AT&T's press department declined to answer a question on this, and Igal Elbaz, its chief technology officer, seemed deliberately vague on his call with US reporters yesterday. The implication was there, however. AT&T not only said Ericsson will provide cloud software but threw Intel's name into the mix of other vendors announced. Dell, Intel's big server buddy, was also on the list. Meanwhile, Roger Entner, an analyst with Recon Analytics, seems to have made up his mind that AT&T has backed "lookaside," a technique that involves running most Layer 1 software on the general-purpose central processing units (CPUs) that Intel makes.

"Inline," the alternative Nokia prefers, means putting Layer 1 on the custom chips developed by Marvell and using these as so-called "accelerators." The Finnish vendor insists its approach is more power-efficient and that CPUs gobble energy. If AT&T disagrees, then it is moving in the opposite direction from many of the Internet players, which increasingly use custom silicon in place of CPUs for specific workloads. Ericsson itself has made seemingly contradictory statements, occasionally insisting that its custom silicon beats CPUs and elsewhere championing those CPUs.

Cloudy logic

Alternatively, AT&T might think cloud economics will offset the CPU costs and agree with Verizon that Nokia's solution is not really "cloud-native," as the expression goes. In a white paper co-authored last year, Verizon and Ericsson wrote that inline "runs counter to the cloud RAN principles of portability and flexibility, effectively tying the MNO to a particular solution."

Nevertheless, Intel's critics – Nokia among them – think it no different. Although widely used in computers and servers, and compatible with common programming languages and software tools, Intel's x86 architecture is not a standard and only one other big chipmaker (AMD) supports it. The CPUs Intel is developing for Ericsson also look increasingly "purpose-built," Nokia recently told reporters. Among other things, they use non-programmable accelerators for the most resource-hungry Layer 1 software.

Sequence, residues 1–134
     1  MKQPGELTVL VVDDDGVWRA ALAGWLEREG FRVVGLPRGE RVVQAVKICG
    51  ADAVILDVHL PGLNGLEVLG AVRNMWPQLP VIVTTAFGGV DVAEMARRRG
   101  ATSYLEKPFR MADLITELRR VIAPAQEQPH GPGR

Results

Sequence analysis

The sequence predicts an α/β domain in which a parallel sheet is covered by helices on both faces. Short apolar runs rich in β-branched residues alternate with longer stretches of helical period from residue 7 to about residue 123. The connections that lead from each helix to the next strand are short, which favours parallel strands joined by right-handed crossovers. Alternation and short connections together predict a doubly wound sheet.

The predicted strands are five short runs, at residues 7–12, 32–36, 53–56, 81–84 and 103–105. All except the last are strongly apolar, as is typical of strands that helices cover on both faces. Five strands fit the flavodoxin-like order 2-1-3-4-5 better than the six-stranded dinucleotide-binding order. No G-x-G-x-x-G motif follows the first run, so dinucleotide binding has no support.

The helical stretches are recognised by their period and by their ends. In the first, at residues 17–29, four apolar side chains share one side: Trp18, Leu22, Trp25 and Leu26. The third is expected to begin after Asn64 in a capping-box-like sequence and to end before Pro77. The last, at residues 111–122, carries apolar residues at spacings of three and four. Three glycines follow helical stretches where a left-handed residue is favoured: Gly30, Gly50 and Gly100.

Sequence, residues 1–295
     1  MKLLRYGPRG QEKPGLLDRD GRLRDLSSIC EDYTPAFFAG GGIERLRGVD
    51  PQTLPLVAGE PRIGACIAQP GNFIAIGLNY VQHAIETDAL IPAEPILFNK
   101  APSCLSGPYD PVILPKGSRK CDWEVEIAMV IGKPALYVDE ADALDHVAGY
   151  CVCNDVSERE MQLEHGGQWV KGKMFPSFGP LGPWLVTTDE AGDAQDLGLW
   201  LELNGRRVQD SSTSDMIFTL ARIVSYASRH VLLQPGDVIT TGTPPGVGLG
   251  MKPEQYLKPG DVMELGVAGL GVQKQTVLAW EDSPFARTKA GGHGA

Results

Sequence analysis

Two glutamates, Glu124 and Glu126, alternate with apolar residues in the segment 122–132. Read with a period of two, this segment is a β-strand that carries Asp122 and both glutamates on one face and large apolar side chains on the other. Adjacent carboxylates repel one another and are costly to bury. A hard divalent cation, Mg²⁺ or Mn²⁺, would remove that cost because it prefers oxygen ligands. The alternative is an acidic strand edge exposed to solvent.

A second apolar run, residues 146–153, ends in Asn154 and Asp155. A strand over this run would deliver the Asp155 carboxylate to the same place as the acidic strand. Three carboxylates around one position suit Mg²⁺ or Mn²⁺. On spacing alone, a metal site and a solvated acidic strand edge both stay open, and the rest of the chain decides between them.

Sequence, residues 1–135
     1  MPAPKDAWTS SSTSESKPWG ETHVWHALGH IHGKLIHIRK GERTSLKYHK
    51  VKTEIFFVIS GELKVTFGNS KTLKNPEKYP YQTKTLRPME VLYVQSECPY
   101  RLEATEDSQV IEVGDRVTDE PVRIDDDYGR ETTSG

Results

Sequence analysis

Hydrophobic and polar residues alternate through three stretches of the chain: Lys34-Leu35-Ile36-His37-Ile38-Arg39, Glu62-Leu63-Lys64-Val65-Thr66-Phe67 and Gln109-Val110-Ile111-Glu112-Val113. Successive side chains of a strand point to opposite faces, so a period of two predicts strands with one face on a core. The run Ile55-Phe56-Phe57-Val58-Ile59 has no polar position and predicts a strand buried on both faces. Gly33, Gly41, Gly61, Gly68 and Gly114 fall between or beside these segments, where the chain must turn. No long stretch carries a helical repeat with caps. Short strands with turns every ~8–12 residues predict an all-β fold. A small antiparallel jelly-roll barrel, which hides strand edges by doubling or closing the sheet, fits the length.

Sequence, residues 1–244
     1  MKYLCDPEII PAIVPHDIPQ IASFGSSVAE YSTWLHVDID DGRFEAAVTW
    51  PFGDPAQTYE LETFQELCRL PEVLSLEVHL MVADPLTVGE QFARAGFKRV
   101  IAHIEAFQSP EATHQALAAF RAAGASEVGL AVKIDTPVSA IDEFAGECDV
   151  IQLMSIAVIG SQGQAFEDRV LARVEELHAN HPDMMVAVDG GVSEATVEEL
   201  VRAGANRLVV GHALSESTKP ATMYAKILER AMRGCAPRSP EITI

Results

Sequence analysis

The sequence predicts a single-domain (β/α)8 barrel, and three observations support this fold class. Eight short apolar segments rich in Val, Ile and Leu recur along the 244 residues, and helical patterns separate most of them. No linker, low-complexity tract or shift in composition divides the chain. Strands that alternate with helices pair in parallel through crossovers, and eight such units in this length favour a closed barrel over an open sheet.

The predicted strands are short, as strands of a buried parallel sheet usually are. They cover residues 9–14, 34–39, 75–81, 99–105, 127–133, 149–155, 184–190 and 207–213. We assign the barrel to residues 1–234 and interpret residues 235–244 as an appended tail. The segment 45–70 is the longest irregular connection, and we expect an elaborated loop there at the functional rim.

Virtual and open RAN is at least partly supposed to be about fomenting competition in the supply chain. The irony is that AT&T will be even more dependent on a single vendor after the switch away from Nokia. It does identify Fujitsu alongside Dell and Intel in its list of suppliers, but the Japanese company's role is altogether unclear. Fujitsu would most likely contribute radios, and yet AT&T evidently plans to buy lots of these from Ericsson. Its dual-mode 5G radios will support C-band and 3.45GHz spectrum, said Elbaz.

There are plenty of other unanswered questions. Will AT&T put its RAN on the same Microsoft-provided cloud platform supporting its 5G core? Mention of Ericsson's cloud software suggests not, but that would potentially create silos and make cloud savings harder to realize. Ericsson's massive MIMO radios will all include equalizers, it has said, even though some would prefer to see this feature kept in the baseband. But all baseband units must include equalizers – and work with more basic radios – to be deemed open RAN-compatible. Won't this apparent duplication of features drive up costs for AT&T?

There is speculation that Ericsson turned Vito Corleone, making AT&T an offer it couldn't refuse – one Nokia would not match. As for open RAN, there has long been a view it would change little, that incumbent vendors would pledge openness and commercial realities would persuade big telcos to keep using them. It seems the case here. But that will be no consolation for Nokia. In Helsinki today, the mood is likely to be as dark as a Finnish sky in winter.

About the Author(s)

Iain Morris

International Editor, Light Reading

Iain Morris joined Light Reading as News Editor at the start of 2015 -- and we mean, right at the start. His friends and family were still singing Auld Lang Syne as Iain started sourcing New Year's Eve UK mobile network congestion statistics. Prior to boosting Light Reading's UK-based editorial team numbers (he is based in London, south of the river), Iain was a successful freelance writer and editor who had been covering the telecoms sector for the past 15 years. His work has appeared in publications including The Economist (classy!) and The Observer, besides a variety of trade and business journals. He was previously the lead telecoms analyst for the Economist Intelligence Unit, and before that worked as a features editor at Telecommunications magazine. Iain started out in telecoms as an editor at consulting and market-research company Analysys (now Analysys Mason).

Subscribe and receive the latest news from the industry.
Join 62,000+ members. Yes it's completely free.

You May Also Like